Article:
KHARTOUM (Reuters) - Sudan’s main opposition alliance will nominate Abdalla Hamdok, an economist who has served in international institutions, to be prime minister in the country’s transitional government, opposition sources said on Thursday.
The nomination is the first step toward the creation of a transitional government that will prepare for free elections after the overthrow of veteran autocratic president Omar al-Bashir in April following months of unrest.
The development came after protracted negotiations between the Transitional Military Council (TMC), which has ruled Sudan since April, and the opposition alliance known as the Forces of Freedom and Change (FFC).
A planned new sovereign council, comprised of five members each from the two sides plus a civilian agreed by both, will name the new premier based on the nomination by the FFC, according to a constitutional declaration agreed on earlier this month.
The sovereign council will be formed on Sunday, according to the agreed schedule, after which the Transitional Military Council will be dissolved, with the prime minister to be appointed on Tuesday next week.
Hamdok, long rumored as the FFC nominee, was last working as Deputy Executive Secretary of the U.N. Economic Commission for Africa, and has held positions at the International Labor Organization and the African Development Bank.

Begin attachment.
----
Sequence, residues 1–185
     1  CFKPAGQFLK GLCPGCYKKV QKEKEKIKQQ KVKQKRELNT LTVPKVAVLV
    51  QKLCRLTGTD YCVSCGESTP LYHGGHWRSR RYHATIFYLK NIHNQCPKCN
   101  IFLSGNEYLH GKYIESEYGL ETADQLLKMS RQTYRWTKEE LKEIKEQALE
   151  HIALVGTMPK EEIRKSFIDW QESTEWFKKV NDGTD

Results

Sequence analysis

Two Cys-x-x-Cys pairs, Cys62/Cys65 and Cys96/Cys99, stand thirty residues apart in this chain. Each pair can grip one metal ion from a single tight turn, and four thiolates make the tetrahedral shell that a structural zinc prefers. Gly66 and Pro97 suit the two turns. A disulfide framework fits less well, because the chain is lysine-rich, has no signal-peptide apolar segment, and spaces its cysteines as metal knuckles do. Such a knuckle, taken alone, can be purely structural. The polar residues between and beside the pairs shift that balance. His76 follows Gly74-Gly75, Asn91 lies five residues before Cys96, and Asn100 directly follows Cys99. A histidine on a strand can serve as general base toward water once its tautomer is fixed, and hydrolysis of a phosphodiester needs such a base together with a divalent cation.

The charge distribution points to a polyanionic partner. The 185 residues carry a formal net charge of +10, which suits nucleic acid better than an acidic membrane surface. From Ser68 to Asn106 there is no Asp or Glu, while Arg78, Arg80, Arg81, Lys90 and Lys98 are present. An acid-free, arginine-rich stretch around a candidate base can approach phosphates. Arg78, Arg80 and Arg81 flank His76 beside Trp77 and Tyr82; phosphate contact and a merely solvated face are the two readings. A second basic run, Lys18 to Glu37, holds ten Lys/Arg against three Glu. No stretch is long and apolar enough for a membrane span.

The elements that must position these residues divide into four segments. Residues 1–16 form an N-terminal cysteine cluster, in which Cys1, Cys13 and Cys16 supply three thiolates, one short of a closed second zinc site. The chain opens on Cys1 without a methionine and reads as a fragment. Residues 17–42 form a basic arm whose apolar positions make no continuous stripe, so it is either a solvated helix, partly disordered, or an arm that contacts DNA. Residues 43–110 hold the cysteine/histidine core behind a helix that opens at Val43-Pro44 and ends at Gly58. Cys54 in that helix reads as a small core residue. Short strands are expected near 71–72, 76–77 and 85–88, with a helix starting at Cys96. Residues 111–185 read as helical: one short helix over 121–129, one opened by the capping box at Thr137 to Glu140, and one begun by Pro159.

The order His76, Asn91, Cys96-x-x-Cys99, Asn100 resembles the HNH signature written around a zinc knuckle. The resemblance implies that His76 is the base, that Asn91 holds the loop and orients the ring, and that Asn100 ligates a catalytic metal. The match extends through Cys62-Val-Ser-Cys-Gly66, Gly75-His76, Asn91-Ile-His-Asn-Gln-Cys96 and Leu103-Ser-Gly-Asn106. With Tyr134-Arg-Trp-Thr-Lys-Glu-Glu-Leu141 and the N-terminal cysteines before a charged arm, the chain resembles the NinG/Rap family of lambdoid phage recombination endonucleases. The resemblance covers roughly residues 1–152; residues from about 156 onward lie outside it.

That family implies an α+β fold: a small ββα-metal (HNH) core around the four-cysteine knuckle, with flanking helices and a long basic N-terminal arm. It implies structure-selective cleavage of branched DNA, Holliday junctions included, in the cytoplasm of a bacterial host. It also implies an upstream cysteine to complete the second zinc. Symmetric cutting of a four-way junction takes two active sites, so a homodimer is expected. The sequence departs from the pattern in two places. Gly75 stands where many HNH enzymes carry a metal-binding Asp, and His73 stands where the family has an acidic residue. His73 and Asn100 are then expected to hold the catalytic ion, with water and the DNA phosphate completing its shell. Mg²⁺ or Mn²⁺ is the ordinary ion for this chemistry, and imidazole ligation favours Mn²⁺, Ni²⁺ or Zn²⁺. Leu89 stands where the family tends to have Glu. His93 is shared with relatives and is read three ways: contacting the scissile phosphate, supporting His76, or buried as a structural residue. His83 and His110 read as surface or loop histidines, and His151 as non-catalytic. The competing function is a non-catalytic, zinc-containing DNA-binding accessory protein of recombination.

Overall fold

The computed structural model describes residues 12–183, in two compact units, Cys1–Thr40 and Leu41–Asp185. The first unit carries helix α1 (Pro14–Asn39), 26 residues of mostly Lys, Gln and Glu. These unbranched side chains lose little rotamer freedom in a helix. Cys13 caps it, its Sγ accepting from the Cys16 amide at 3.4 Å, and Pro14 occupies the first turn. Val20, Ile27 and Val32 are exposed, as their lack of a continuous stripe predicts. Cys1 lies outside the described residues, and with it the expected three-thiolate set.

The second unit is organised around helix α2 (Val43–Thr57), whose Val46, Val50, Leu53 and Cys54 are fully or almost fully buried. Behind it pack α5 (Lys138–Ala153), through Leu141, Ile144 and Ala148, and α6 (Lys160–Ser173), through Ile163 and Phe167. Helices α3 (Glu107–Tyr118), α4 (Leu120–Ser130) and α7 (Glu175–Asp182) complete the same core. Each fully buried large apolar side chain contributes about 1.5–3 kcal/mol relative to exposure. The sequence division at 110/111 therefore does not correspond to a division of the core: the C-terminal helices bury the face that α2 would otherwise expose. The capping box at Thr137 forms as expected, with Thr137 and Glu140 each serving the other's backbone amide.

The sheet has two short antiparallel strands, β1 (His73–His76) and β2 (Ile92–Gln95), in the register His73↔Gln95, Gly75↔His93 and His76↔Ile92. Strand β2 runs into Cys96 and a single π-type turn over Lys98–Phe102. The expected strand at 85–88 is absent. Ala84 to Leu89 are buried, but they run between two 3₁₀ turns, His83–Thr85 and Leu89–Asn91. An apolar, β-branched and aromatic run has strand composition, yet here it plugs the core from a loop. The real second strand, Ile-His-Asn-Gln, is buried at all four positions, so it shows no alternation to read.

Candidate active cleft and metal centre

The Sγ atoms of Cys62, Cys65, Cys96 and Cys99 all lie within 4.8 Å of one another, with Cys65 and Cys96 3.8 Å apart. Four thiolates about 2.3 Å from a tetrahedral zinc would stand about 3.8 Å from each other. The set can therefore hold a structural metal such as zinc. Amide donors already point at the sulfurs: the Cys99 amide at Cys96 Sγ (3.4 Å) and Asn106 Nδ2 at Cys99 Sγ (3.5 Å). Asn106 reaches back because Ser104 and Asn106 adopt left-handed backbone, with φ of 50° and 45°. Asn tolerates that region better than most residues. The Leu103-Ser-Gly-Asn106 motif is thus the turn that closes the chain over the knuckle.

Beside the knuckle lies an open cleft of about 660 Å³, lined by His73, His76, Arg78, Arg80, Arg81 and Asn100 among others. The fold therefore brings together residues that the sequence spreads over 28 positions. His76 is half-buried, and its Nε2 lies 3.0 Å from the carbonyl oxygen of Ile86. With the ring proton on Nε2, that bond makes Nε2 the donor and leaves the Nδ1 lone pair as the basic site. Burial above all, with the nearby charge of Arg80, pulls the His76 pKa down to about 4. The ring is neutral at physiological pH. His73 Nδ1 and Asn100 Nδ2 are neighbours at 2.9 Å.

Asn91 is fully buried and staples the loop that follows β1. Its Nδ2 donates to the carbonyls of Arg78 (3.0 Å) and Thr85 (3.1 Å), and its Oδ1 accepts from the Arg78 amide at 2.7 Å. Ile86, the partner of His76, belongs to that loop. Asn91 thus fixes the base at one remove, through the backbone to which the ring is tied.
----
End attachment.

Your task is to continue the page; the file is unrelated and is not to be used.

He served as an official in Sudan’s Ministry of Finance in the 1980s, before the military coup that put Bashir in power.
Sudanese economist Amin Hassan Sayed Ahmed said Hamdok had good connections in the African Union and United Nations and might help get Sudan removed from the U.S. list of state sponsors of terrorism, which has impeded Khartoum’s access to IMF and World Bank funding.
“I think he knows how to get in through the system, much more than anyone else who tried before,” said Sayed Ahmed.
“We wish Dr. Abdalla Hamdok success in one of the hardest periods in the history of our country and people, a period that the revolutionary Sudanese people are looking forward to and observing with hopefulness,” the Sudanese Professionals Association, the group that spearheaded the protest movement and is part of the FFC, said in a statement.
The opposition alliance will also nominate former judge and human rights activist Mohamed Alhafiz Mahmoud as public prosecutor, opposition sources said, and Abdelqadir Mohamed Ahmed as head of the judiciary.
In a press conference on Thursday night, a representative of the FFC said their nominees for the two positions had been delivered to the Transitional Military Council, and their appointments were expected within the next 24 hours.
The FFC and Transitional Military Council are expected to put final signatures on the constitutional declaration on Saturday at a ceremony in Khartoum with foreign dignitaries attending.
Some caution that it is still too early to tell how events will unfold in the lengthy, three-year, three-month transition period agreed to prepare for elections after three decades of repressive rule under Bashir.
Reporting by Khalid Abdelaziz with additional reporting by Patrick Werr; Writing by Nafisa Eltahir; Editing by Mark Heinrich and Toby Chopra
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